FSGO: Federal Sentencing Guidelines for Organizations at 20 Years
On November 1, 1991, the United States Sentencing Commission (USSC) put into effect the Federal Sentencing Guidelines for Organizations (FSGO). Under the FSGO, organizations with ethics and compliance programs meeting defined standards earn credit toward reduced penalties if employees engage in wrongdoing – but organizations with substandard programs receive far tougher penalties.
For two decades, these Guidelines have encouraged American businesses to create effective ethics and compliance programs (ECEPs). The research of the Ethics Resource Center (ERC) has shown consistently that when ECEPs are in place, companies are empowered to define and detect employee misconduct – and to move against it.
We felt the anniversary of promulgation was the right time to open a public discussion of the impact and relevance of the FSGO. Today, the FSGO are rarely applied to large companies because their crimes are often being adjudicated in the courthouse where the Guidelines apply; rather, they’re being settled out of court through Deferred Prosecution Agreements (DPAs) or Non-Prosecution Agreements (NPAs).
The FSGO incentivizes corporations to self-police and aim high on ethics. If these incentives are not consistently applied in prosecutorial decisions, will the Guidelines become irrelevant? Without an incentive to promote ethical cultures, will executives lower the bar? And if so, will corporate misconduct increase?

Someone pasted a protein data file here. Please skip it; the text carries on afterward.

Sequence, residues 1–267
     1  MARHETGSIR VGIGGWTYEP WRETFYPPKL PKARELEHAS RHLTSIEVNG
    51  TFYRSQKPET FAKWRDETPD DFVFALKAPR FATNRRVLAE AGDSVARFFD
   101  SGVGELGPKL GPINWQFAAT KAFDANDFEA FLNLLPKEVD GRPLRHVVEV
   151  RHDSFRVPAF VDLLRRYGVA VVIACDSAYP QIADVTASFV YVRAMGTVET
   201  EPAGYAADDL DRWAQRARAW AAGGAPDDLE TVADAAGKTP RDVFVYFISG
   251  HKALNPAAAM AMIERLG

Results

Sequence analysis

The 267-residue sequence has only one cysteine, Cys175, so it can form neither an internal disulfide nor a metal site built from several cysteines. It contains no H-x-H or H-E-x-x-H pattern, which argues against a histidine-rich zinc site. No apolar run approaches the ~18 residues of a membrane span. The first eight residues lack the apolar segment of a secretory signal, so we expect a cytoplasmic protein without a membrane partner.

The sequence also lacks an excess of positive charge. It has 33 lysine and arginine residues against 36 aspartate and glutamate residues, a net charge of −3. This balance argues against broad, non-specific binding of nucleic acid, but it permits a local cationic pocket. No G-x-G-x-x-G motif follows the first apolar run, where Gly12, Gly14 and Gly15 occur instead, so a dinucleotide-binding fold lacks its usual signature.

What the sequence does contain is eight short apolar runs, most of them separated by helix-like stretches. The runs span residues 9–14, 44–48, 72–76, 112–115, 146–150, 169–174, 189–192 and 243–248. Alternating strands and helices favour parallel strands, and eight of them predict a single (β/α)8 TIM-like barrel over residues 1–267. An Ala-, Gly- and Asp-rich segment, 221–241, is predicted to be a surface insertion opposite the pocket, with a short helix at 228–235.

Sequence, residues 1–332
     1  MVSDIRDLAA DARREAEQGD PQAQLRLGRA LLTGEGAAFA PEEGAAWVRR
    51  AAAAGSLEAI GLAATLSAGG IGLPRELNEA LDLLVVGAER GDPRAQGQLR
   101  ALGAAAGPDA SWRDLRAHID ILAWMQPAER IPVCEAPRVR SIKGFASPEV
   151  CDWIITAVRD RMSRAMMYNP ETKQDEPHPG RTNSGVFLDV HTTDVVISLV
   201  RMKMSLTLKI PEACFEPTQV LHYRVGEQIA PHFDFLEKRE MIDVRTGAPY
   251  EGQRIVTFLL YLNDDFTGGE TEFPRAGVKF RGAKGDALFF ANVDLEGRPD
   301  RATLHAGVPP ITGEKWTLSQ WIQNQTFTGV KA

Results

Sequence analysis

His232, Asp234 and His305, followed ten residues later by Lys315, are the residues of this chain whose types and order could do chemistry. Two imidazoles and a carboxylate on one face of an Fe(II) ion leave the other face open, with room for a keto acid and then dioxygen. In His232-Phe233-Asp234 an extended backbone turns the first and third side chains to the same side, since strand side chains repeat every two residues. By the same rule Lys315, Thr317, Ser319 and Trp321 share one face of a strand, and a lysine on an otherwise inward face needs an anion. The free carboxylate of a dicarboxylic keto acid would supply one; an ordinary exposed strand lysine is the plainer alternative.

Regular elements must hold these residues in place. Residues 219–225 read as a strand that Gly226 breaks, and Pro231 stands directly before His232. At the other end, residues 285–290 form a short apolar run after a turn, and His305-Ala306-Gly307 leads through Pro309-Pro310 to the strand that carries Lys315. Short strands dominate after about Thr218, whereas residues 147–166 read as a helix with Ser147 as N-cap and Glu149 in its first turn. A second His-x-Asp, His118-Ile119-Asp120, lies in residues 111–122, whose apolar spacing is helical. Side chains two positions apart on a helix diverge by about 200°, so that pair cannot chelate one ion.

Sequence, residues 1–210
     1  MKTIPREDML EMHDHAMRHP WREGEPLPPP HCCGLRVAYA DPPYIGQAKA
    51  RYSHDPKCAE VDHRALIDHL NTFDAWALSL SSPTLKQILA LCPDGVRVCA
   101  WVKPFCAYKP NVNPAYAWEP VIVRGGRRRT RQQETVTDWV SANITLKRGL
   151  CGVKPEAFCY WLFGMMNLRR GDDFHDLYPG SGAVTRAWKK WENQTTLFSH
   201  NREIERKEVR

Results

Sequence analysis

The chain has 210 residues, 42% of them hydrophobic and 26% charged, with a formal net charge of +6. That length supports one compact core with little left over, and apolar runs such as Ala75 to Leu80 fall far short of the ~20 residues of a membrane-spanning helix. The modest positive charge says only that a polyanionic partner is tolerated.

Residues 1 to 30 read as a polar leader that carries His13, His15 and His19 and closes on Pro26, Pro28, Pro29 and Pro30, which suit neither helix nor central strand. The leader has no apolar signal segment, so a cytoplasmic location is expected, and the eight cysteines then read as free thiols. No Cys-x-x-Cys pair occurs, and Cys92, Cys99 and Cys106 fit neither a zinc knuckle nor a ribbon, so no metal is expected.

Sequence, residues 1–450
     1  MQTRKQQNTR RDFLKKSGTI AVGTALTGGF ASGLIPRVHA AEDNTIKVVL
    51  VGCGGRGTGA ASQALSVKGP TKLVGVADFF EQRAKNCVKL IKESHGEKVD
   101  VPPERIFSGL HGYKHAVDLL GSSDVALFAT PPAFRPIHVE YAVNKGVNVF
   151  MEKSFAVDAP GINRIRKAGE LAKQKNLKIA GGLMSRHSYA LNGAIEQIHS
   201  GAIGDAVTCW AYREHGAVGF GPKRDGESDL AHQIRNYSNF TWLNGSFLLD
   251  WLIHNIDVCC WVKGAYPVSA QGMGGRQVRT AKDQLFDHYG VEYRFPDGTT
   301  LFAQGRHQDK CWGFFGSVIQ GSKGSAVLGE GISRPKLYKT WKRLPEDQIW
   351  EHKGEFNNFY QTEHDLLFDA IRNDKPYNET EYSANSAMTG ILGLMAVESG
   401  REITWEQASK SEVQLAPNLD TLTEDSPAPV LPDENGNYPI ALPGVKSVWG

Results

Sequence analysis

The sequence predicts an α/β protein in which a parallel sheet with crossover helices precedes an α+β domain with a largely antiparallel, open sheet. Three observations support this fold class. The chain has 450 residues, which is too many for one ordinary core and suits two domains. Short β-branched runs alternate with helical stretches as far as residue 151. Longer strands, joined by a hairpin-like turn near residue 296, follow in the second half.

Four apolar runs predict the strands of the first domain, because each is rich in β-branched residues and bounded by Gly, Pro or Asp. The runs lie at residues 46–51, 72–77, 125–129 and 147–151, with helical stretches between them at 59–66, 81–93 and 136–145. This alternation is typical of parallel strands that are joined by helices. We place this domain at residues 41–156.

To address these questions, the ERC assembled an FSGO Advisory Group of distinguished law enforcement officers, federal judges, prosecutors, academics and compliance/ethics professionals. In the ERC report, The Federal Sentencing Guidelines for Organizations at Twenty Years, the Advisory Group examined the FSGO, its successes and failures over the past two decades, and opportunities for improvement. The purpose: to ensure that ethics and compliance remain a core discipline across corporate America. The final report on this site, released 21 years after the Guidelines were first examined by Congress, is the product of more than 12 months’ worth of discussions, meetings, writing shared by the 23-person Advisory Group, as well as comments from the general public received during a review period that started in November 2011.
The final report highlights four key challenges:
- There are few FSGO cases involving large companies because criminal cases against bigger corporate defendants are largely being detoured around the judges for whom the Sentencing Guidelines were intended.
- There is a lack of consistency in policies toward ECEPs across the various government agencies that play a role in corporate law enforcement and regulation because there is neither a requirement that these policies be aligned nor a mechanism available for doing so.
- Many compliance/ethics programs fall short of their potential because portions of the FSGO remain underemphasized or unclear.
- Too many business executives take a “check the box” approach to their programs, rather than satisfying the full intent of the FSGO
The Advisory Group did conclude that more consistent promotion and recognition of compliance and ethics programs by the U.S. enforcement community would incentivize businesses to invest more fully in self-policing efforts against corporate crime.
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